As my friend Alan Sepinwall writes, "On Mad Men this week, Megan is allowed to leave Sterling Cooper Draper Pryce, and Beth avoids becoming Pete Campbell's mistress, but their escapes in turn leave the men in question feeling trapped and confused and alone." I don't think Megan, Beth, or even Peggy — who accepted her boyfriend's proposal to shack up last week, and alienated her mother in the process — are necessarily going to be permanently happy, or even happier, as a result of any choices they've made this season: not forever, not even in the short term. But that's not so much fashionable basic-cable pessimism as it is a welcome corrective to the usual B.S. of Hollywood movie and TV storytelling. In life, nobody except crazy or deluded people live in a permanent state of happiness or unhappiness as a result of having made the "right" or "wrong" choices. Like existence itself, one's moods are in constant flux. Megan and Don get at this obliquely in the scene where they discuss modern pop music; their conversation is all about Don seeking a key to understanding the new music and Megan informing him, as nicely as possible, that there isn't one.
"Let me ask you something: When did music become so important?" Don asks. "Everyone comes looking for some song. And they're so specific."
"You love specific," Megan says.
"But I have no idea what's going on up there," Don says, presumably referring to the room full of young writers who are in touch with contemporary pop.
"No one can keep up," Megan tells him. "It's always changing."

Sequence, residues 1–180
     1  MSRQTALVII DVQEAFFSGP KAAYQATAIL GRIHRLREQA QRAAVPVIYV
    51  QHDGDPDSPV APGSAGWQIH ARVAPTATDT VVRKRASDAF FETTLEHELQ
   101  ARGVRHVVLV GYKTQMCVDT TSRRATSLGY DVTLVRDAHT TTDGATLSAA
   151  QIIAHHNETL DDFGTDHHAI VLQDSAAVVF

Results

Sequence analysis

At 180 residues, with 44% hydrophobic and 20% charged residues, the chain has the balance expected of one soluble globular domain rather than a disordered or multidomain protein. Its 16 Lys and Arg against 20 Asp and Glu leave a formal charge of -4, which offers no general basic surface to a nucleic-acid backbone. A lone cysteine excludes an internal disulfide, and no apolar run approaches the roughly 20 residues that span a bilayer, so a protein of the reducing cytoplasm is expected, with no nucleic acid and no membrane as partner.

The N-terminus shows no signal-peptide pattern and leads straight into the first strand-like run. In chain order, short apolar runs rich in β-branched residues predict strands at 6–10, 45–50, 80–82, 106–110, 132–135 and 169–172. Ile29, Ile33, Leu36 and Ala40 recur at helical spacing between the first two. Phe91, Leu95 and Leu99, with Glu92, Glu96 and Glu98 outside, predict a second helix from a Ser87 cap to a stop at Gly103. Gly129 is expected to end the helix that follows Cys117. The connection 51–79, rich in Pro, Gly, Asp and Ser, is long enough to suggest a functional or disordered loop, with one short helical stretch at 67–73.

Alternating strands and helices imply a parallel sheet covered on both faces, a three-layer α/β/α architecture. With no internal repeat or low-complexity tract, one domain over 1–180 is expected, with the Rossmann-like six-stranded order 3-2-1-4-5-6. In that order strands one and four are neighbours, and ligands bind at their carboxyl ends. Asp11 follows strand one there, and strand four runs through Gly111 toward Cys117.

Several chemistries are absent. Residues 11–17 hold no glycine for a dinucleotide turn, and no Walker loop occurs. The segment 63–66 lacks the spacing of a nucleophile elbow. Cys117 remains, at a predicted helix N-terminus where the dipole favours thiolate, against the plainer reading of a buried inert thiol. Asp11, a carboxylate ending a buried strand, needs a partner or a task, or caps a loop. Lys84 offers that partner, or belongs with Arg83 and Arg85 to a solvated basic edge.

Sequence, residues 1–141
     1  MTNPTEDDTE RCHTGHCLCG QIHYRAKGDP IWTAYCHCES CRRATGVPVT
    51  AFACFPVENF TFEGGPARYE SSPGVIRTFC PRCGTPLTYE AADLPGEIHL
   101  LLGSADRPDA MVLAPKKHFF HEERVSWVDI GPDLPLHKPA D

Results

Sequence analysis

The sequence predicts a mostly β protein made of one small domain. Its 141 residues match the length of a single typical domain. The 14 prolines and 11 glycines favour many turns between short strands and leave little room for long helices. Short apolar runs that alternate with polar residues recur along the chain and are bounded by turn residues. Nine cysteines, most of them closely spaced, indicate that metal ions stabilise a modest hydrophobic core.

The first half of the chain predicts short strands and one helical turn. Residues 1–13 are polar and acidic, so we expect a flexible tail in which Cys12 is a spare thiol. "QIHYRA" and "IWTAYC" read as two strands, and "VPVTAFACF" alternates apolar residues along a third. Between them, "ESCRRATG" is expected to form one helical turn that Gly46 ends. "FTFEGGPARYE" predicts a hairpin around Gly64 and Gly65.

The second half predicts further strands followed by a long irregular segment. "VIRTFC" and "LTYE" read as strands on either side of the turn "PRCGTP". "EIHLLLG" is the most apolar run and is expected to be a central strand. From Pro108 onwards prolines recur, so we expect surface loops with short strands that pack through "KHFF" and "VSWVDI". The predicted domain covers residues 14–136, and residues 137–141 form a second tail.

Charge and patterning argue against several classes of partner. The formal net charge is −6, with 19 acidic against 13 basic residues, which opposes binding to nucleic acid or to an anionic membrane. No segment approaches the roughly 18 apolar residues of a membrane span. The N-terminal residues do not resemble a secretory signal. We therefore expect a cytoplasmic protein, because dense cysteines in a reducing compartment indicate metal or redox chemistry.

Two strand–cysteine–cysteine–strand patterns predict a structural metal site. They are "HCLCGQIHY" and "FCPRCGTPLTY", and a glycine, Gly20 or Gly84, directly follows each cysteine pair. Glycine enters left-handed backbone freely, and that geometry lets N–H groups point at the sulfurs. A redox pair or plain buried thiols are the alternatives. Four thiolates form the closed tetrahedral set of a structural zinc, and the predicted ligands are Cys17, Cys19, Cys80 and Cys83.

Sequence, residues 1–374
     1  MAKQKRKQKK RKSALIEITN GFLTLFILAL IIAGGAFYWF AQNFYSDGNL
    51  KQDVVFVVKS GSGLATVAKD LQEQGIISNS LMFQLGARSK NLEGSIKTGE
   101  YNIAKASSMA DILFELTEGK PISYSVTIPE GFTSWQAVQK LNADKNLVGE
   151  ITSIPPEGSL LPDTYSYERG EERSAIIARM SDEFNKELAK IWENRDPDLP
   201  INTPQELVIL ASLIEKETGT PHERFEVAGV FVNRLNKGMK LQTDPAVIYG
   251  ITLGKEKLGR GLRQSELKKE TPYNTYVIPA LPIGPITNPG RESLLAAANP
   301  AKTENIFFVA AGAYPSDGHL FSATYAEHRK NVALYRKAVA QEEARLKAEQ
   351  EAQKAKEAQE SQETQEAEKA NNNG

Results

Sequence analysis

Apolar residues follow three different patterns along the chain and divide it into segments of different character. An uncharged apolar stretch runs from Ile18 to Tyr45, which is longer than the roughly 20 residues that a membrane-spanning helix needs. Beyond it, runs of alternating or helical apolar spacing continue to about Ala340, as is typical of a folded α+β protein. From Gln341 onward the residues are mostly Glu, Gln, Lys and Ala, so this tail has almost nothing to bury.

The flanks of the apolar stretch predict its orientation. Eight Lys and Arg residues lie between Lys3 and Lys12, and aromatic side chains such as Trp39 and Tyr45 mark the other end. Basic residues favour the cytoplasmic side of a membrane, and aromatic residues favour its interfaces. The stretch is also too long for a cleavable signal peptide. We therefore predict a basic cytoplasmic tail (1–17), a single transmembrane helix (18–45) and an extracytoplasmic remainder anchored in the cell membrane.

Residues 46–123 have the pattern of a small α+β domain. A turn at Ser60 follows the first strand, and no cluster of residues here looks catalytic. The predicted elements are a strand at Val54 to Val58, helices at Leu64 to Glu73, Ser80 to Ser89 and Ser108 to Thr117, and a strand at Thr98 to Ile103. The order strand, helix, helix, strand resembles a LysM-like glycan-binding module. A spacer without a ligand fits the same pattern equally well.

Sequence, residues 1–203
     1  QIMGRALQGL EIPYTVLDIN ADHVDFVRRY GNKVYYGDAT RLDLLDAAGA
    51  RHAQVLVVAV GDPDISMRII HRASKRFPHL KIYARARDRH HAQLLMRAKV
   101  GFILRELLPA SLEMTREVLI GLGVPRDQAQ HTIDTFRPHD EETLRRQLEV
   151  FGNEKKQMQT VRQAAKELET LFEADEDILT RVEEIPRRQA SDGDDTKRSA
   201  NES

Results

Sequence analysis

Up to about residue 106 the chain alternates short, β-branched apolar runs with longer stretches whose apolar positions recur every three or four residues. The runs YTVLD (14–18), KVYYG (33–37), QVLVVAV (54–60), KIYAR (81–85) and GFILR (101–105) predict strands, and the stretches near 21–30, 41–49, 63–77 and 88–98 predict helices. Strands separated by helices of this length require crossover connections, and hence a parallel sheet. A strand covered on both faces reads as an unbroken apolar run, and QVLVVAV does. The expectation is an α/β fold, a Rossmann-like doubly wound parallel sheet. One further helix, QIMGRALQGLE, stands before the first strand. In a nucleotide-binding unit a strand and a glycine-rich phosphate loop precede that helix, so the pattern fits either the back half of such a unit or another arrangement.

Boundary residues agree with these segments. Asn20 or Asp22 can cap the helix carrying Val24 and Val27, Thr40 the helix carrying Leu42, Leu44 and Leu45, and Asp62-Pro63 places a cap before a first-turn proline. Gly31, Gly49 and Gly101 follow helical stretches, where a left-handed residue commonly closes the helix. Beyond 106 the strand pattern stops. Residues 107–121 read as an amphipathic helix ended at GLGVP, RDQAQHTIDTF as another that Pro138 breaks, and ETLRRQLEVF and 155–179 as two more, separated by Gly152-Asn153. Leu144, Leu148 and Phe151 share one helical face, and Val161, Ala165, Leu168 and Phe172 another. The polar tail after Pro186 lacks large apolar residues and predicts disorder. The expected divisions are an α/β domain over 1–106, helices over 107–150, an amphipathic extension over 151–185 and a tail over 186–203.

As Deborah Lipp writes, there's a theme in "Lady Lazarus" that works in conjunction with the notion of an abyss or void that everyone is always at risk of stepping into: the idea that we're all struggling to realize a dream, or return to some previous state that feels like a dream because our lives have changed so drastically. What makes us feel this way? Are our perceptions accurate? Are other peoples' perceptions of us accurate? Who knows? "No one has an accurate perception of Megan's decision," she writes. "We know that Megan was unhappy at work, that she wasn't nearly as thrilled with her Heinz win as she had a right to be, that her father's visit had rekindled her desire to fulfill her acting dreams. Peggy's snapping at her that the job would be precious to someone else probably moved her to decide. It's pretty clear that she's been afraid to face Don down, but this is what she wants. Yet Don blames Peggy for jealousy and competitiveness, Peggy blames herself for being too hard on Megan, Joan sees Megan's love as gold-digging, Stan sees it as an escape from the compromise and mediocrity of advertising: In other words, they all see themselves in the situation. As people hear about Megan, they all see their own dreams and disappointments. Don dreams of material success and security, climbing past the back stabbers into recognition; Peggy dreams of doing everything right and having it be rewarded, Stan dreams of artistic recognition, and Joan dreams of a husband who will financially nourish his wife's dreams rather than abandon her."